Upon completion of a full stack, the coin wrapping mechanism 192 is signaled by the signal processor 144 to wrap the stack and index 180 to accept another stack. Once the coin wrapping mechanism 192 indexes, the coin ejecting end 28 lowers to its starting position to begin another stack. Should it be necessary to prevent coins from being ejected in the interim between the completion of a stack and repositioning of the coin ejecting end 28, the coin separator and/or the belts may be stopped for a short time. A detailed description of the operation of the coin wrapping mechanism 192 is found in U.S. Pat. No. 4,674,260 issued Jun. 23, 1987 to Rasmussen et al. The detailed operation of the wrapping mechanism 192 is not necessary for the understanding of the present invention, and will not be repeated herein.
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|USRE44252||Jun 4, 2013||Cummins-Allison Corp.||Coin redemption system|
|USRE44689||Jun 29, 2012||Jan 7, 2014||Cummins-Allison Corp.||Optical coin discrimination sensor and coin processing system using the same|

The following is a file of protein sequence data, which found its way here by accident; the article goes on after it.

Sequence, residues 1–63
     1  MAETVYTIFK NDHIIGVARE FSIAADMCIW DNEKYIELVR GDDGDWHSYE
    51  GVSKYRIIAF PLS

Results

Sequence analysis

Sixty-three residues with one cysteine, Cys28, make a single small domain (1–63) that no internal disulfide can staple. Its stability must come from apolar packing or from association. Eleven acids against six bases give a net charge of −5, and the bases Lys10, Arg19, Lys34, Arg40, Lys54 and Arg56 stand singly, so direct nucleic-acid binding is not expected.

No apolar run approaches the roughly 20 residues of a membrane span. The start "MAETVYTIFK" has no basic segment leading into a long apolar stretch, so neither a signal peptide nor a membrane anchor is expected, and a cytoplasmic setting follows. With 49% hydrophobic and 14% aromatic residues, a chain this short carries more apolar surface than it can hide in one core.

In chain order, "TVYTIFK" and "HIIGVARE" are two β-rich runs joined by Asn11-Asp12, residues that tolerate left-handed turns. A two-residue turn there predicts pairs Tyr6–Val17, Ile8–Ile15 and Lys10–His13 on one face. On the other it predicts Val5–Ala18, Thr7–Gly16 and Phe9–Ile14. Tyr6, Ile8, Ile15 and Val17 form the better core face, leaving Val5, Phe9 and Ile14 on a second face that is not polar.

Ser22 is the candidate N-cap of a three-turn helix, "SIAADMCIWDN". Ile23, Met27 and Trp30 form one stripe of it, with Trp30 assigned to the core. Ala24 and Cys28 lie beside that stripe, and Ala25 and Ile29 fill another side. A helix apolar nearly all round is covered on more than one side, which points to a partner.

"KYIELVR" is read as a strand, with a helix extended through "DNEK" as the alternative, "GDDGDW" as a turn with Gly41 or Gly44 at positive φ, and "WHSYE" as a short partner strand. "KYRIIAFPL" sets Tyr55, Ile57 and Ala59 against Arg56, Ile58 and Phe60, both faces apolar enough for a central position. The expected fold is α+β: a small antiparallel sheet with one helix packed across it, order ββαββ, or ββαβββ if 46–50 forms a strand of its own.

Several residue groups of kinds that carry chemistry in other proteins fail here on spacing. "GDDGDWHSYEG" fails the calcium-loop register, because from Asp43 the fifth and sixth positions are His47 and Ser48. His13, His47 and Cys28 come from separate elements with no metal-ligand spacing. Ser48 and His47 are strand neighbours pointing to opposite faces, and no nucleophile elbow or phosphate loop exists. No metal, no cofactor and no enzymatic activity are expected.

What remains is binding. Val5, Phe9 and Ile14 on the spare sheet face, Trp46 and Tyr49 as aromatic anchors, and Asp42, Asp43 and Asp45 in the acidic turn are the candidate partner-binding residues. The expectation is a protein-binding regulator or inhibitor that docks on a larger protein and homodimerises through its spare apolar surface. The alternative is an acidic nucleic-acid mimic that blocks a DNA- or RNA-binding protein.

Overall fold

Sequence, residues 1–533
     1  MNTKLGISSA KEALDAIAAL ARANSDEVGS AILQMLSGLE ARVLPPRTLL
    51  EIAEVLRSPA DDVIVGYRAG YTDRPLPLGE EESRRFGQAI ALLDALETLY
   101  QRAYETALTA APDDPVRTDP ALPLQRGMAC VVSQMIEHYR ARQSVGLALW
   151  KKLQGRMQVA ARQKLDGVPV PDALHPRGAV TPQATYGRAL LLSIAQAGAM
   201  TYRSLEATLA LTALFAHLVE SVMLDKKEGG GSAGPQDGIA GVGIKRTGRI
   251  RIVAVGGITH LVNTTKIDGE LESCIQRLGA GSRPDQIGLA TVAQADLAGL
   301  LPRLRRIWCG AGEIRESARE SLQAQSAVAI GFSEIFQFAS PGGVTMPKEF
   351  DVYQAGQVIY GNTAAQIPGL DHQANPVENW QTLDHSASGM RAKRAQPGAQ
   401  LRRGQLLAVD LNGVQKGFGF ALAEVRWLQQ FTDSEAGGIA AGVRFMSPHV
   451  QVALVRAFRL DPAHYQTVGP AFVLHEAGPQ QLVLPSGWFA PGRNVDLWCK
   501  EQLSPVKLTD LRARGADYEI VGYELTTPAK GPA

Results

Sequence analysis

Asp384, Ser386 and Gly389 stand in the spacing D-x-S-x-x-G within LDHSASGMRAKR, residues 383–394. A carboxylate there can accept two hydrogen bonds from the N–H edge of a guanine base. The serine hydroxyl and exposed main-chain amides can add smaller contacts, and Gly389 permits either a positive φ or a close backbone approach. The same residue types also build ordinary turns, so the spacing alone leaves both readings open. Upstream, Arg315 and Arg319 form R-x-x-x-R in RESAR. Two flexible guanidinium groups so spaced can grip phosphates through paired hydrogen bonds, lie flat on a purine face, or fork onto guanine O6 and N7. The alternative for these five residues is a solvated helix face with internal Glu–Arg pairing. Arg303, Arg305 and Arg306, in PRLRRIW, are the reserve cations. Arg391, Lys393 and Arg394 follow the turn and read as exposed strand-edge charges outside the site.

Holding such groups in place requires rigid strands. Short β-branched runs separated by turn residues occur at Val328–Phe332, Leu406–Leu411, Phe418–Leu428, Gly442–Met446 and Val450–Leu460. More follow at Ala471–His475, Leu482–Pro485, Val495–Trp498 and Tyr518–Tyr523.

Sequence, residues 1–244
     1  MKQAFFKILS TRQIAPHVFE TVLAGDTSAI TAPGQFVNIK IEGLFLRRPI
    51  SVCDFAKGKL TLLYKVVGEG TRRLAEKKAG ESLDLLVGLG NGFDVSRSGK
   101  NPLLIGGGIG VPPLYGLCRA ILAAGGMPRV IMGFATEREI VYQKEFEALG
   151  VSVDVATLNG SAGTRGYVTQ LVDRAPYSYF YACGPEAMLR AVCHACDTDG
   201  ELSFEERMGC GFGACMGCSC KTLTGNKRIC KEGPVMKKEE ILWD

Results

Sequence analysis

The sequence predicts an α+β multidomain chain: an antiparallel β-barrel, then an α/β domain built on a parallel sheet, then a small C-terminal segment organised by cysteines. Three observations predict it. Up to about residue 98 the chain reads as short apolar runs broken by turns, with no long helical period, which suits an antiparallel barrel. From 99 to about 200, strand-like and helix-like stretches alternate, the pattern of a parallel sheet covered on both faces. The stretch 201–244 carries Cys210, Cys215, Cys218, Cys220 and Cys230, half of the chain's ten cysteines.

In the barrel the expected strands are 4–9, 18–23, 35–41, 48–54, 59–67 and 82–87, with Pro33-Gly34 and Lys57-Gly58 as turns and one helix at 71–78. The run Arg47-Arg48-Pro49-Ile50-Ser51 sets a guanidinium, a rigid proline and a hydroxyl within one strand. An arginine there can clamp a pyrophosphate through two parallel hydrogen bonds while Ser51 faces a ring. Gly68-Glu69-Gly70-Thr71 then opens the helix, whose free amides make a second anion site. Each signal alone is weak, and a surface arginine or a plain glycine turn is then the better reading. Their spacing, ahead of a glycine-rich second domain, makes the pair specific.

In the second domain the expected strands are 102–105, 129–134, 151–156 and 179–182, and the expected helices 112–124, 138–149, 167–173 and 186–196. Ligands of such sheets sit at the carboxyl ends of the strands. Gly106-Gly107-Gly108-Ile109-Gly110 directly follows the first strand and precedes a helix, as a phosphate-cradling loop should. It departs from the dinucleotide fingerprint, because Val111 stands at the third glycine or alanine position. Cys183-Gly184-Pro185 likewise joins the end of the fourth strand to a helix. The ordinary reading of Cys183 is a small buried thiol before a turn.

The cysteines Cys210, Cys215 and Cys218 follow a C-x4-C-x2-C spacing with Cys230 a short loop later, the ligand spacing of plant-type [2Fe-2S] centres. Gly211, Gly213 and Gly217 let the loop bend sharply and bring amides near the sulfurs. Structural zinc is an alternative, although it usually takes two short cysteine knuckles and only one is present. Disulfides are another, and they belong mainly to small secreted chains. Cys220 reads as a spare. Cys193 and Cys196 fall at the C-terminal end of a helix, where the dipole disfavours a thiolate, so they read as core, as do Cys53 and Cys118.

|U.S. Classification||453/56, 198/803.8, 414/794.5, 53/532, 198/626.3, 198/631.1, 453/61, 198/861.2|
|International Classification||B65G17/26, G07D13/00, G07D3/00, G07D9/00, G07D9/06|
|Nov 7, 1988||AS||Assignment|
Owner name: CUMMINS-ALLISON CORP., 891 FEEHANVILLE, DRIVE, MT.
Free format text: ASSIGNMENT OF ASSIGNORS INTEREST.;ASSIGNOR:RASMUSSEN, JAMES M.;REEL/FRAME:004954/0691
Effective date: 19881018
Owner name: CUMMINS-ALLISON CORP., 891 FEEHANVILLE, DRIVE, MT.
Free format text: ASSIGNMENT OF ASSIGNORS INTEREST;ASSIGNOR:RASMUSSEN, JAMES M.;REEL/FRAME:004954/0691
Effective date: 19881018
|Oct 12, 1993||CC||Certificate of correction|
|Jan 29, 1996||FPAY||Fee payment|
Year of fee payment: 4
|Feb 2, 2000||FPAY||Fee payment|
Year of fee payment: 8
|Feb 18, 2004||REMI||Maintenance fee reminder mailed|
|Aug 4, 2004||LAPS||Lapse for failure to pay maintenance fees|
|Sep 28, 2004||FP||Expired due to failure to pay maintenance fee|
Effective date: 20040804